You may or may not be aware of Jisc’s current co-design consultation exercise with the HE/FE sector. The co-design approach is a way to try and ensure that Jisc developments are supportive and representative of the needs of the sector. Building on feedback from the first iteration of the process, this time around there has been a concerted effort to get wider sectoral involvement in the process through various methods, including social media, blog posts, tweet chats and voting.
Yesterday, along with about 30 others, I attended a face to face meeting to explore, review and discuss the results of the process and feedback on the six “big” challenges identified by Jisc.
- What does the imminent arrival of the intelligent campus mean for universities and colleges?
- What should the next generation of digital learning environments do?
- What should a next-generation research environment look like?
- Which skills do people need to prepare for research practice now and in the future?
- What would truly digital apprenticeships look like?
- How can we use data to improve teaching and learning?
You can see the results of the voting here too.
The voting process does need some refinement as Andy McGregor was clear to point out, and we really used it and the comments as a guide for the discussions. Personally I found the voting process a bit cumbersome – having to fill out a google doc for each one. I can see why Jisc wanted to get all that information but I would have preferred something a bit more instant with the option of giving more detailed information. That might have encouraged me to cast more than one vote . . .
I joined the next generation learning environments discussion. I had been quite taken with the pop up VLE notion but as the discussion evolved it became clearer to me that actually the idea articulated so well by Simon Thomson (Leeds Beckett Uni) of connecting institutional and user owned tech was actually a much stronger proposition and in a way the pop up VLE would fall out of that.
The concept is really building on the way that IFTT (if this then than) works, however with a focus on connecting institutional systems to personal ones. Please, please read Simon’s post as it explains the rationale so clearly. I use IFTT and love the simplicity of being able to connect my various online spaces and tools, and extending that into institutional systems seems almost a no brainer.
We talked about space a lot in our discussion, personal space, institutional space etc (Dave White has a good post on spaces which relates to this). For both staff and students it can be quite complex to manage, interact in and understand these spaces.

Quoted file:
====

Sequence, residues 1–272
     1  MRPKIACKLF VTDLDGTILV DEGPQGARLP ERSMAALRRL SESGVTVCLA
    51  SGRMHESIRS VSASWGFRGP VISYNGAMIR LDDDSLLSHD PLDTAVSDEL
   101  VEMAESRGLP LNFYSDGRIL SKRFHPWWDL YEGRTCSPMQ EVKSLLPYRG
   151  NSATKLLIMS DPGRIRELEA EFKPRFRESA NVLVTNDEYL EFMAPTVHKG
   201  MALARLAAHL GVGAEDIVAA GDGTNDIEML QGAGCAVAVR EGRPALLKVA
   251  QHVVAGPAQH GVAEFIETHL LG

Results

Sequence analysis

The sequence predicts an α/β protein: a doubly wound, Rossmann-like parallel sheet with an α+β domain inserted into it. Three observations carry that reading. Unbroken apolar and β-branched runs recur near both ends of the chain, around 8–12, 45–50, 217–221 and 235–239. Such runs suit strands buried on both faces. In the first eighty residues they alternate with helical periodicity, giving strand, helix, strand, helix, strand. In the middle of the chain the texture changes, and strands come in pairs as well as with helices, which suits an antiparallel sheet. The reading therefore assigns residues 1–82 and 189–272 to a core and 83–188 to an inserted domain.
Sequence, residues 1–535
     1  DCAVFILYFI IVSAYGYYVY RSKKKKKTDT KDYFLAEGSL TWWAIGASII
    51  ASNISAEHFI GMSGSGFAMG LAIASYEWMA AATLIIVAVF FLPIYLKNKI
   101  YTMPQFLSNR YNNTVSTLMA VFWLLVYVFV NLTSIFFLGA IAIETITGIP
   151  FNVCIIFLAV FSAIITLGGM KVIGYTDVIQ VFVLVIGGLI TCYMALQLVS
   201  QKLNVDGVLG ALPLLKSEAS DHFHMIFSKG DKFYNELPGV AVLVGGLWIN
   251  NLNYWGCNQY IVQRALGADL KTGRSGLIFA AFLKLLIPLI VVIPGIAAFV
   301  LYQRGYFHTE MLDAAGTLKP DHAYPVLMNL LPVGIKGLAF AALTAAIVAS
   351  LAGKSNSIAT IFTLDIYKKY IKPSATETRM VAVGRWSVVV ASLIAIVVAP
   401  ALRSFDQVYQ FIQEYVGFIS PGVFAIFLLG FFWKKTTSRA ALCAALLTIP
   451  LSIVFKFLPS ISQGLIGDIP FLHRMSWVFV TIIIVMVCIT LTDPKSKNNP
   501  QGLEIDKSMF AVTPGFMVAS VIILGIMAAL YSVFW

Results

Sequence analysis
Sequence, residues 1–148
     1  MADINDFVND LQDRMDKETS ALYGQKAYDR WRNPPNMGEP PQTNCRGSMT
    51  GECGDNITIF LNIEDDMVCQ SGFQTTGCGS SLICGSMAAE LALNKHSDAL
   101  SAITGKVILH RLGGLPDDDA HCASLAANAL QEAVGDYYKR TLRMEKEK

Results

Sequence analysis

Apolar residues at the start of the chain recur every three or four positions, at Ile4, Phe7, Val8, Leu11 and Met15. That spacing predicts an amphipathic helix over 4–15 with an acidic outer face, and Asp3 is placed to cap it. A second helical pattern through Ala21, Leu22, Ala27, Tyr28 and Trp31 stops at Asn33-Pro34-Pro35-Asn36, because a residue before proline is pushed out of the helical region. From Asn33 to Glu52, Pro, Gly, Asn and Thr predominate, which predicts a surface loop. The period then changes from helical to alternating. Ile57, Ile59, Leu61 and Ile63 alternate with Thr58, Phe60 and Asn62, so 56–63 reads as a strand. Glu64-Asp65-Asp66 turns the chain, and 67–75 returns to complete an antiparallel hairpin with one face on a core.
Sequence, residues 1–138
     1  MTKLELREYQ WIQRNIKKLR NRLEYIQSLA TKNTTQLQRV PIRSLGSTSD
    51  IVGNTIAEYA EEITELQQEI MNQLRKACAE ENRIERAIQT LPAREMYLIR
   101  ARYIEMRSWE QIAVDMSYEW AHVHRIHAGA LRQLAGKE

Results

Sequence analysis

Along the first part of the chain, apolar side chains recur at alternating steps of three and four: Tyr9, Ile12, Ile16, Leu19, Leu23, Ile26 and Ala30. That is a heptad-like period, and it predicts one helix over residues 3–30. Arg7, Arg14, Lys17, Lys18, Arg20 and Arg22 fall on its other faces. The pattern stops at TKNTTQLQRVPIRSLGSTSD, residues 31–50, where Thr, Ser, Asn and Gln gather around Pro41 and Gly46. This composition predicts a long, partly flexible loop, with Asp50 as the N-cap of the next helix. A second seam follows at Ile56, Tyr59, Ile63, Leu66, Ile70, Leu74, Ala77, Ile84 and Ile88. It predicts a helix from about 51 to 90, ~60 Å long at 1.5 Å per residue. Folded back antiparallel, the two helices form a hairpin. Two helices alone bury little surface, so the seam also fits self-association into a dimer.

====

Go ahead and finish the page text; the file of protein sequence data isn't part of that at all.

We (teachers, support staff, IT, the institution) are often a bit of obsessed with controlling spaces. We do need to ensure safety and duty of care issues are dealt with but activity around learning doesn’t always need to take place in our spaces e.g. the VLE. Equally we (staff) shouldn’t feel that they have to be in all the spaces where students maybe talking about learning. If students want to discuss their group activity on snapchat, what’s app, Facebook then let them. They can manage their interaction in those spaces. What we need to be clear on is the learning activity, the key interactions and expectations of outputs and in which spaces the learning activities/outputs need to be. The more connected approach advocated by Simon could allow greater ease of connection between spaces for both staff and students.
Providing this type of architecture (basically building and sharing more open APIs) is not trying to replace a VLE, portfolio system etc, but actually allowing for greater choice around engagement in, and sharing of, learning activity. If I like writing in evernote (as I do) why can’t I just post something directly into a discussion forum in our VLE? Similarly if our students (as ours do) have access to one note and are using it, why can’t they choose to share their work directly into the VLE? Why can’t I have my module reading lists easily saved into a google doc?
This isn’t trying to replace integrations such as LTI, or building blocks that bring systems/products into systems. This is much more about personalisation and user choice around notifications, connections and sharing into systems that you (need to) use. It’s lightweight, not recreating any wheels but just allowing more choice.
So at a university level you could have a set of basic connections (recipes) illustrating how students and staff and indeed the wider community could interact with institutionally provided systems, and then staff/students decided which ones (if any) they want to use, or create their own. Ultimately it’s all about user choice. If you don’t want to connect that way then you don’t have to. It’s lightweight, not recreating any wheels but just allowing more choice
As well as helping to focus on actual learning activity, I would hope that this approach would helping institutions to think about their core institutional provision, and “stuff that’s out there and we all are using” – aka byod. It would also hopefully allow for greater ease of experimentation without having to get a system admin support to try something out in the VLE.
I would hope this would also help extend support and understanding of the need for non monolithic systems and get edtech vendors to build more flexible interaction/integration points.
Anyway hopefully there will be more soon from Jisc, and Simon actually has some funding to trying an build a small prototype based on this idea. Jisc will also be sharing the next steps from all the ideas over the coming weeks. Hopefully this idea is simple and agile enough to get into the Jisc R&D pipeline.